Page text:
The command centre they have set up there is just incredible. It looks like the NASA headquarters in Apollo 13. And they are so well organized, it’s frightening.

So I was heartbroken when I woke up this morning to read this story: Fire season in British Columbia is a difficult time.

And so dangerous, when you have a man, a veteran pilot like Tim Whiting crash… you know it’s got to be a rough ride.

What a blow.

The fellow I interviewed today

June 23, 2010

Isn’t he cute?

His name is Pete.

You know, it wasn’t exactly a hard-hitting news story…. but it was kind of fun to do something that wasn’t all death and destruction.

What people don’t know about news ‘stars’

March 9, 2010

Because, you know, if you want to know you might as well KNOW from one of them — first hand.

I’m very famous and well respected you know.

Yes, yes. I’m hilarious.

So here’s the thing people don’t know about radio and tv “news stars” — and by that I mean the celebro-journalists. Get in close, cuz I’m going to whisper and only say it once.

They. Sit. With. The. Rest. Of. Us.

When people come into our office they are always shocked to find the person who greeted him at the door has a 50-50 per cent chance of being our morning show host. And there’s a 1 in 4 chance she’ll pick up the phone if you call.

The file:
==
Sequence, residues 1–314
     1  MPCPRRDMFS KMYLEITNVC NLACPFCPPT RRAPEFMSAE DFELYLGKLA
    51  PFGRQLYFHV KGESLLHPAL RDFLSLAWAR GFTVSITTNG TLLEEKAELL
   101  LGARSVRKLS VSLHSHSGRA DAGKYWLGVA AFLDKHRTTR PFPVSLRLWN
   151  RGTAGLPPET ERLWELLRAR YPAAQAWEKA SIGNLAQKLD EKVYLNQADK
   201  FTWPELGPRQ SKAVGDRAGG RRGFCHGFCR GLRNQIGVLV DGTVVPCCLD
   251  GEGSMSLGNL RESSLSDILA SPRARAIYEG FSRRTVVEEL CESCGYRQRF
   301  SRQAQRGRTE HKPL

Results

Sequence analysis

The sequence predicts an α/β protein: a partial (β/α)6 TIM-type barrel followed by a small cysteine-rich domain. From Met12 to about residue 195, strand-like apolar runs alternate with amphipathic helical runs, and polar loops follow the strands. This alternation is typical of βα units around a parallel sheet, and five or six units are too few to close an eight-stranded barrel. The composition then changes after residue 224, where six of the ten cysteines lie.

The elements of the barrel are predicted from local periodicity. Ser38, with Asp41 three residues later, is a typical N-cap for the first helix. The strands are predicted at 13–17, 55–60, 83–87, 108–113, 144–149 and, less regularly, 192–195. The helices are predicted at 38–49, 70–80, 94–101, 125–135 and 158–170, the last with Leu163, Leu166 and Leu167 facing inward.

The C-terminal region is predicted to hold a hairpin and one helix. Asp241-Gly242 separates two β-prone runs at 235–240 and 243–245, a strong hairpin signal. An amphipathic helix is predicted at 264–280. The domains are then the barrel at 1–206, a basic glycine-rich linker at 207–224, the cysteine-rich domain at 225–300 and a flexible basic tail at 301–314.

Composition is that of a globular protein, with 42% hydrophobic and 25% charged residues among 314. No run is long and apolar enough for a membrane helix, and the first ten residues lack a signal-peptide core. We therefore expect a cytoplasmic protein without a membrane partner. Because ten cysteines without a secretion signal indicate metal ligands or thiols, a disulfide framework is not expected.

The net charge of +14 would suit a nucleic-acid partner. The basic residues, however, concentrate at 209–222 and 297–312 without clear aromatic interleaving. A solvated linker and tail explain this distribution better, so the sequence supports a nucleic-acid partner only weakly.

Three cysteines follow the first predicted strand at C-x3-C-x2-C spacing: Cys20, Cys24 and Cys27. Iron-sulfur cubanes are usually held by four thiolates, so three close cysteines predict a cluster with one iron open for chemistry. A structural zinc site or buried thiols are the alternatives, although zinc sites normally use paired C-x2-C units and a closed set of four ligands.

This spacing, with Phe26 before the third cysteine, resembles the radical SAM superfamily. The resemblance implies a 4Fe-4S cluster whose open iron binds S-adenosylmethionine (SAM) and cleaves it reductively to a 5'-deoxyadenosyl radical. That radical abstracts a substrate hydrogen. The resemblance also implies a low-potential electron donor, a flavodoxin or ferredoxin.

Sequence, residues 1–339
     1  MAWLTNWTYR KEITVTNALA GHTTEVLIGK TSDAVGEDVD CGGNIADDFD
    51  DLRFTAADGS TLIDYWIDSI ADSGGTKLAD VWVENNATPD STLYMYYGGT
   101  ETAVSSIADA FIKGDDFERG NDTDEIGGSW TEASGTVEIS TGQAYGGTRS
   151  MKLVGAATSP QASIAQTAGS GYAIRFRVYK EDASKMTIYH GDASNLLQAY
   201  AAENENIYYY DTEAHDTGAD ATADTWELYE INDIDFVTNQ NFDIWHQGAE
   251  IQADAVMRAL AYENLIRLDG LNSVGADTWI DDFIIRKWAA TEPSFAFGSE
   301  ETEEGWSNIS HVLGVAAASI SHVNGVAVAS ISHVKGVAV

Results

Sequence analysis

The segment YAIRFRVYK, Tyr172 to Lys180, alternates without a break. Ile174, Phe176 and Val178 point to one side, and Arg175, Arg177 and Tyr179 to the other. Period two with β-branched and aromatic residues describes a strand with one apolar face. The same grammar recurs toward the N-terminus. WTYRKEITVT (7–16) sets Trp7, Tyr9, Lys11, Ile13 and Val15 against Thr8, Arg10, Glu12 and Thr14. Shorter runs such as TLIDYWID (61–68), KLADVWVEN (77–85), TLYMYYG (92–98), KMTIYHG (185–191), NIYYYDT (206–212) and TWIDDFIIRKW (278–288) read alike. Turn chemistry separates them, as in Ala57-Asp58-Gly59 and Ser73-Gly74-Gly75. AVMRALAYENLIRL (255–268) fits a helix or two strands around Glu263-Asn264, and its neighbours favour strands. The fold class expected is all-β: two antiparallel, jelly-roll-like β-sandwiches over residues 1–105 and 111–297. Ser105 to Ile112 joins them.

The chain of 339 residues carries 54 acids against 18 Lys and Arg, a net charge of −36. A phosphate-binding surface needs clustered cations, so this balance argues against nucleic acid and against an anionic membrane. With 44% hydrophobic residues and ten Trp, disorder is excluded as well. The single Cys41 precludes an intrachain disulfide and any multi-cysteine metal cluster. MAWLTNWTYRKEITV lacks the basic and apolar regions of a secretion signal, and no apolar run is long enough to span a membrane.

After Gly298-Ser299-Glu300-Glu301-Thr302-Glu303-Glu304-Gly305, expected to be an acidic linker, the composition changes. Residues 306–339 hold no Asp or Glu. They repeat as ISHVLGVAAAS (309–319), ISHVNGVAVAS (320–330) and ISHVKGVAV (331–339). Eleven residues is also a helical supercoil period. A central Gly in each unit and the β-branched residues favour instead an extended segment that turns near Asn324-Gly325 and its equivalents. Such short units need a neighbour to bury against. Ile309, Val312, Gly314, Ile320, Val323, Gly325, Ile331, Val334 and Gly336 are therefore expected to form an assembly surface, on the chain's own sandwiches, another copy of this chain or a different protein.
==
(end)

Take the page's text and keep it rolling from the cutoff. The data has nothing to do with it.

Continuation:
And when I was in Vancouver at the end of last week, I walked by Ian Hanomansing’s desk several times a day en route to the CBC boardroom. (Sidenote: one of my various childhood/adolescent ‘claims to fame’ was that my mom went to school with him. Now I can technically call him a ‘colleague’ — weird world)

As I was driving today, it struck me how incredibly democratic that is. How nice it is they aren’t sequestered in fancy corner offices (no, that’s for managers).

Now you’re cookin’

February 24, 2010

I’m trying to be budget-conscious these days, trying to reduce the amount of food I throw out, and the number of times a week I go out to eat.

This isn’t normally a problem for me. While I’m far from a picky eater, given the choice between restaurant food and a home-cooked meal, most days I’ll pick the home cooked meal — even if I have to cook it myself.

What’s tricky THESE days is avoiding the “at work grab something for lunch” habit. It’s a hard habit to break. Less because I genuinely want to eat out, but moreso because oftentimes going to get food is the only break I get in a day. The only fresh air I get between 9-5. The only non-news part of my day.

It doesn’t help that there’s a lot of great little lunch places just a five minute walk from the office. Delicous Vietnamese vegetable rolls and soups. Amazing Thai curries (yellow AND green). Sushi. An artisan bread and sandwich shop. Mmm. Just typing it out makes me want to dash down and grab myself a bite.